California Title Insurance and Warranty Deeds

California warranty deeds have become much less common in recent decades, and the guarantees they provide have mostly been replaced by title insurance. A title insurance policy insures against the risk of unknown problems with the property’s title. In exchange for a premium payment, the insurer contractually promises to compensate a transferee for any financial loss if a title problem arises.

In the real estate sale context, title insurance is usually a win-win for both parties.

  • Title insurance is good for the transferor because it shifts risk from the transferor to the title insurance company. If it turns out that there is a title problem, the insurance company covers the financial loss and legal fees instead of the transferor.
  • Title insurance benefits transferees because it provides greater financial certainty than a warranty deed. If there is a title problem, the transferee can file a claim with the title insurance company. A transferee protected only by a warranty deed must track down and sue the former owner—who might declare bankruptcy or otherwise lack resources to honor the warranty.

California law acknowledges the advantages of title insurance by requiring buyers in some transactions to receive written notice of the potential benefits of obtaining title insurance.6

California Warranty Deeds and Other California Deed Forms

California recognizes other types of deeds that are named after features other than the warranty of title they provide. Two such deeds—life estate deeds and transfer-on-death deeds—are named for their probate avoidance features and are popular tools for estate planning.

California Life Estate Deed

A California life estate deed allows real estate to bypass probate by separating ownership into a lifetime interest (the life estate) and a future interest (the remainder) that kicks in automatically when the life-estate holder (or life tenant) dies.7 A property owner typically keeps the life estate for himself or herself and gives the remainder to a family member. An owner who records a life estate deed needs the remainder beneficiary’s consent to sell or transfer full title to the property.8

California Transfer-on-Death Deed

A property owner records a California transfer-on-death (TOD) deed during life, but the TOD deed has no legal effect until the owner dies. An owner who records a TOD deed still has the right to sell, mortgage, or transfer the property as if the TOD deed were never recorded.9 At the owner’s death, title automatically passes to a beneficiary named in the TOD deed.10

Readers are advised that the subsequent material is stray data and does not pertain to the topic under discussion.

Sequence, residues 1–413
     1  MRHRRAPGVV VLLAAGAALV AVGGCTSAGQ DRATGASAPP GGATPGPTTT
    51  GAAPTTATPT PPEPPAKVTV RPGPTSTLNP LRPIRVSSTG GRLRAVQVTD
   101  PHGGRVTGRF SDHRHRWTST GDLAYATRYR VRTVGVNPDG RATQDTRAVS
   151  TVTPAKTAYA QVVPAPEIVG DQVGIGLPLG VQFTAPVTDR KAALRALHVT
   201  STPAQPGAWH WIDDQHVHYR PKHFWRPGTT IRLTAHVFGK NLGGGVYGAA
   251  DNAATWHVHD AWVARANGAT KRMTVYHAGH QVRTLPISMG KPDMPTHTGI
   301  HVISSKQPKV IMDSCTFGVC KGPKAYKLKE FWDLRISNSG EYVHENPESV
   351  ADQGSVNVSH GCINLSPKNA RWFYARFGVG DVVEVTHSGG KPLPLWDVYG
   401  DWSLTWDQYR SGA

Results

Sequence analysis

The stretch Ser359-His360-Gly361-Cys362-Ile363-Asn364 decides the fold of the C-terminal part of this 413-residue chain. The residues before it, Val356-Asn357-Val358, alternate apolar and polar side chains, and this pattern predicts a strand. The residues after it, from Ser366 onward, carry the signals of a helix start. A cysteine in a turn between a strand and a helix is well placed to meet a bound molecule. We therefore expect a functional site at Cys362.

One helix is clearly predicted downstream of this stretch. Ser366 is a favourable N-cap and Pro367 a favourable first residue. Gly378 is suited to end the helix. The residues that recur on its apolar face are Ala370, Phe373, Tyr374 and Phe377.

Names for deeds can relate to different features, so multiple names can sometimes apply to the same deed. For example, a California warranty deed may also be a California life estate deed if it satisfies the criteria for both names. However, California’s TOD deed law declares that a TOD deed “transfers the property without covenant or warranty of title.”11 Thus, by law, a California TOD deed cannot also be a warranty deed.

Common Uses of California Warranty Deed Forms

Warranty deeds are rarely used for modern-day California real estate transfers. Grant deeds are much more popular and are typically used for real estate sales. Warranty deeds may still be a good choice in some situations, such as:

  • When a buyer purchases residential property from a seller for full value;
  • When a buyer purchasing commercial real estate insists on a transfer by warranty deed;
  • When a buyer does not intend to purchase title insurance or title insurance is unavailable; or
  • In other circumstances where the current owner is comfortable with the legal risk associated with an unlimited warranty of title.

How to Create a California Warranty Deed Form

A warranty deed needs to make a valid real estate transfer under the terms the parties intended. It must have the right language to qualify as a warranty deed and follow California’s rules that apply to all deeds. Including the wrong language can result in a different type of deed. For example, using the word grant in the vesting paragraph could create a grant deed.12

California Warranty Deed Requirements

A California warranty deed’s granting language must be carefully worded to transfer the property with the correct warranty. Some states have statutes that define the covenants of title a warranty deed includes. In California, the covenants of title need to be described in the body of the deed itself. Failure to include the right language could result in a narrower or broader warranty than the parties agreed.

California General Deed Requirements

California warranty deeds must also meet California’s general deed requirements. California law sets formatting standards for deeds and requires deeds to include (among other things):

  • An appropriate title;
  • A valid legal description of the property and its assessor’s identification number;
  • The recorder identification number or book-and-page number of other recorded documents that the deed references;
  • The new owners’ form of co-ownership (if there are more than one transferee); and
  • The transferor’s notarized signature.

A California warranty deed form must be prepared specifically for California law. Using a deed form designed for another state to transfer California real estate can result in an invalid transfer or in transfer terms that the parties did not intend.

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  1. See Cal. Civ. Code §§ 1113; 3304; 3305.
  2. McCormick v. Marcy, 132 P. 449 (Cal. 1913).
  3. Cal. Civ. Code § 3305.
  4. See Cal. Civ. Code § 1092.
  5. Cal. Civ. Code § 1113.
  6. See Cal. Civ. Code § 1057.6.
  7. Cal. Civ. Code § 690.
  8. Cal. Civ. Code § 818.
  9. Cal. Prob. Code § 5650.
  10. Cal. Prob. Code § 5614(a).
  11. Cal. Prob. Code § 5652(c).
  12. California Civil Code § 1092.